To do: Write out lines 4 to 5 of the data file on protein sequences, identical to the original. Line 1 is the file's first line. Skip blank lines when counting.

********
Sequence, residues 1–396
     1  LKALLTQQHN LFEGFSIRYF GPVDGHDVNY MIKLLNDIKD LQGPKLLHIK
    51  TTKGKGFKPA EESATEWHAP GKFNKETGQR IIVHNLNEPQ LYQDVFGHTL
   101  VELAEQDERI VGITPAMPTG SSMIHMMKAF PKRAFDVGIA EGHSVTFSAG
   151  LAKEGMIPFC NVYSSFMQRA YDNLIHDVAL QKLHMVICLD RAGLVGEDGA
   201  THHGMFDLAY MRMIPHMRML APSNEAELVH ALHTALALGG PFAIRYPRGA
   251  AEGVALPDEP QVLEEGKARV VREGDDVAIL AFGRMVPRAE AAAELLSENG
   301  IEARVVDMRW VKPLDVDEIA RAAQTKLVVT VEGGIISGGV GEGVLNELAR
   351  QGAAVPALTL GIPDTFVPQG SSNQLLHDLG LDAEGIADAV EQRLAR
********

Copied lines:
   101  VELAEQDERI VGITPAMPTG SSMIHMMKAF PKRAFDVGIA EGHSVTFSAG
   151  LAKEGMIPFC NVYSSFMQRA YDNLIHDVAL QKLHMVICLD RAGLVGEDGA